Speaking on Thursday during a visit to the Kigali Genocide Memorial, President Emmanuel Macron accepted his country’s part in the genocide during a solemn speech. He said that France “was not an accomplice” to the genocide but was responsible.
The president said that France did not listen to those who warned them about the impending massacre and stood by the genocidal regime. In a long-awaited speech, Macron said France has “for too long been silent on the examination of the truth.”
His visit and speech were presented as the “final stage of normalization of relations” between the two nations, after more than 25 years of tensions stemming from France’s role in Rwanda’s tragedy.
“On this path, only those who went through that night can perhaps forgive, give us the gift of forgiving,” the president noted.
At the Kigali Genocide Memorial, the remains of more than 250,000 victims are buried. An estimated 800,000 thousand people, mostly the minority Tutsis, died between April and July 1994 in the “land of a thousand hills.”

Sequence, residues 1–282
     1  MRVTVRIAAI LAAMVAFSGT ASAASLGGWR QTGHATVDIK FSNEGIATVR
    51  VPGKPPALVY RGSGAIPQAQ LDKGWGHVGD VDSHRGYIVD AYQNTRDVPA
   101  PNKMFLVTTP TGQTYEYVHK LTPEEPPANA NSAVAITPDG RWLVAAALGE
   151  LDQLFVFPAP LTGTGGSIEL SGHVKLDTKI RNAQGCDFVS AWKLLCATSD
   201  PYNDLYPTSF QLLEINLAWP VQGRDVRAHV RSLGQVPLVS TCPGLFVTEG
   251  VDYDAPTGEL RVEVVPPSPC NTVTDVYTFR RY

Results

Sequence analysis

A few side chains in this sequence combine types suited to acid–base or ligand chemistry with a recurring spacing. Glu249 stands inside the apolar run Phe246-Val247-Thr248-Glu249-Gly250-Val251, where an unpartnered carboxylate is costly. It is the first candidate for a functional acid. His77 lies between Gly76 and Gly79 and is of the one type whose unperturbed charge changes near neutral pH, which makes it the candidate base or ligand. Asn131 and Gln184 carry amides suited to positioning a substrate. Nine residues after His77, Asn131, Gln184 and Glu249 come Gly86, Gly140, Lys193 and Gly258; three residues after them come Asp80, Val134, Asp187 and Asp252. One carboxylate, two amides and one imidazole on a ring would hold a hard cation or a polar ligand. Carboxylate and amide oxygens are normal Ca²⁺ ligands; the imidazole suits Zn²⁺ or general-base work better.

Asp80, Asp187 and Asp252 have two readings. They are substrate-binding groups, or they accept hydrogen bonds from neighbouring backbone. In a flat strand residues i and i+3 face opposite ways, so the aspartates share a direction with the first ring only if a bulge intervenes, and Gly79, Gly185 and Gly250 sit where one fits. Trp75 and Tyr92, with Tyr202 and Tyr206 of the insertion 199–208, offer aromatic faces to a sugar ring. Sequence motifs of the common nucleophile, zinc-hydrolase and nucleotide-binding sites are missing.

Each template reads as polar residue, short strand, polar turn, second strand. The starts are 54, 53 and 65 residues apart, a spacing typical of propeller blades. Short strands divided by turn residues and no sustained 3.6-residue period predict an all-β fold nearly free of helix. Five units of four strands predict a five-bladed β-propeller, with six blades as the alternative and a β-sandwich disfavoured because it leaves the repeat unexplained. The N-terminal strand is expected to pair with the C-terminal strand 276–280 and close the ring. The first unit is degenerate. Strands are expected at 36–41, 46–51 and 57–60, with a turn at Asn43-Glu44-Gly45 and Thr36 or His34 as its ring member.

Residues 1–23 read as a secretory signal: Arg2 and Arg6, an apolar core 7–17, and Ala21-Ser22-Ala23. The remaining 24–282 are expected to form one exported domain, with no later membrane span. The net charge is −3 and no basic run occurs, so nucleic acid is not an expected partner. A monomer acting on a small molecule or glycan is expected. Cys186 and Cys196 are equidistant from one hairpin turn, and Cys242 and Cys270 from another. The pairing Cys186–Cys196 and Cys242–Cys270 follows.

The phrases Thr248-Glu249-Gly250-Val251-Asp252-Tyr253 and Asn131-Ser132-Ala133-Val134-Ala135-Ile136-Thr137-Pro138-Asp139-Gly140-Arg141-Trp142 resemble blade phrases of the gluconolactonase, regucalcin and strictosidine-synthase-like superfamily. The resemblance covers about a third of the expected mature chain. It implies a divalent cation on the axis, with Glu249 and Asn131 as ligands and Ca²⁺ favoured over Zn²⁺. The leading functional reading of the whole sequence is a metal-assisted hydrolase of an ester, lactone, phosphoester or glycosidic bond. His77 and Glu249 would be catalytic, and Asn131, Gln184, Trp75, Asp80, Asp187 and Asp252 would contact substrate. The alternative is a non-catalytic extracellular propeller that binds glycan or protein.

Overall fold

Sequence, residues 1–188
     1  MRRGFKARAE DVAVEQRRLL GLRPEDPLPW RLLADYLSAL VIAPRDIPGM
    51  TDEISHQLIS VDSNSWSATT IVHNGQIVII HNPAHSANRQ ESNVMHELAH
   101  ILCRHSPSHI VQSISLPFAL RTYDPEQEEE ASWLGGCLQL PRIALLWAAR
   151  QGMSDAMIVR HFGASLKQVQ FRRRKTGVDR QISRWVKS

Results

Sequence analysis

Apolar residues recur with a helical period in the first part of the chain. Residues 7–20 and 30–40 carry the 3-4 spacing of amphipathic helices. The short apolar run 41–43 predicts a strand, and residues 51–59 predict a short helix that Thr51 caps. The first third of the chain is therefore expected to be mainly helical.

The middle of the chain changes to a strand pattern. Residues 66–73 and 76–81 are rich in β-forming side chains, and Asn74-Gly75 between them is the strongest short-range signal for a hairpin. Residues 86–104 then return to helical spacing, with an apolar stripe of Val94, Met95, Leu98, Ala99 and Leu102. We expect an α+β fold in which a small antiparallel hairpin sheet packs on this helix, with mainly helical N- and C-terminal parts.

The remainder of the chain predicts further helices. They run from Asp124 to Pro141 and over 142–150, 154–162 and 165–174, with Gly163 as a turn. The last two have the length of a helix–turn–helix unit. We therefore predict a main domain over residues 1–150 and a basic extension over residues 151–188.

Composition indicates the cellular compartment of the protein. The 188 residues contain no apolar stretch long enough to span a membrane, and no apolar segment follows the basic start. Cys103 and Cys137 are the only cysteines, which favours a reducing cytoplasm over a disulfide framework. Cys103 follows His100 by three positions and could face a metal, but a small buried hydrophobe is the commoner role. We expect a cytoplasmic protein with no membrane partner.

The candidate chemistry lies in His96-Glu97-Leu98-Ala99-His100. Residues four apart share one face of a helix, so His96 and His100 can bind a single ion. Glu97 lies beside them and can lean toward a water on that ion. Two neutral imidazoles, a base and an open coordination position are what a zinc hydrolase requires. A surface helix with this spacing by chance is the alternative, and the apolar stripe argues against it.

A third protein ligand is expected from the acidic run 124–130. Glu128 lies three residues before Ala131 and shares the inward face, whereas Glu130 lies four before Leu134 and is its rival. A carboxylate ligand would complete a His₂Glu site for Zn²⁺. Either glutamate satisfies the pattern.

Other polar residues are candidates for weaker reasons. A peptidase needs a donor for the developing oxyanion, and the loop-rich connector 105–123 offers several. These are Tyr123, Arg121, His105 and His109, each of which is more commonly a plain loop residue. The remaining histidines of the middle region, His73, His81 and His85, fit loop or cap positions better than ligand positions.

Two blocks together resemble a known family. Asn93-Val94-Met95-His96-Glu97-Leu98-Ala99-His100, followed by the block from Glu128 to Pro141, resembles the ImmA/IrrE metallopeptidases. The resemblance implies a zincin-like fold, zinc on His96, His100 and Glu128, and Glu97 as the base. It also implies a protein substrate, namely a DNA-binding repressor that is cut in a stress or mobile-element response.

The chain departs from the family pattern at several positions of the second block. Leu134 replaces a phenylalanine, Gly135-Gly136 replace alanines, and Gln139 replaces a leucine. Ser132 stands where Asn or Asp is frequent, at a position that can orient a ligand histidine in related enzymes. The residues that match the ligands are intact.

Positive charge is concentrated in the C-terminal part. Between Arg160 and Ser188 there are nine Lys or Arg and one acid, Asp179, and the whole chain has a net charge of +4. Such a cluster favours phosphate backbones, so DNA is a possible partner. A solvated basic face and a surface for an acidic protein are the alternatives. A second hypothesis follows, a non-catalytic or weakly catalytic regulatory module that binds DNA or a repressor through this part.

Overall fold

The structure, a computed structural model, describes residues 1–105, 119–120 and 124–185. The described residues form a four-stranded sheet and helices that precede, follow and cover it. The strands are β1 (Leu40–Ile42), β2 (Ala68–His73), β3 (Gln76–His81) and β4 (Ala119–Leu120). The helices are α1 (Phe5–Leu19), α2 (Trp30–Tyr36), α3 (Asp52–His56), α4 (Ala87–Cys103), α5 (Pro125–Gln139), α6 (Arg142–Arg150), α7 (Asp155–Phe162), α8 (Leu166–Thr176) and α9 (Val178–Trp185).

A French judge previously blamed incumbent and long-serving President Paul Kagame, a Tutsi, for a rocket attack on the plane carrying Rwanda’s then-President Juvenal Habyarimana. Habyarimana’s death sparked Africa’s largest genocide in modern times but was by no means the only cause.
A report, published in March and headed by historian Vincent Duclert, concludes that France bore “heavy and overwhelming responsibilities” for the genocide, noting the “blindness” of then-President François Mitterrand and his entourage to the racist and genocidal trajectory of the Hutu government supported by Paris.
If you like this story, share it with a friend!
© 2021, paradox. All rights reserved.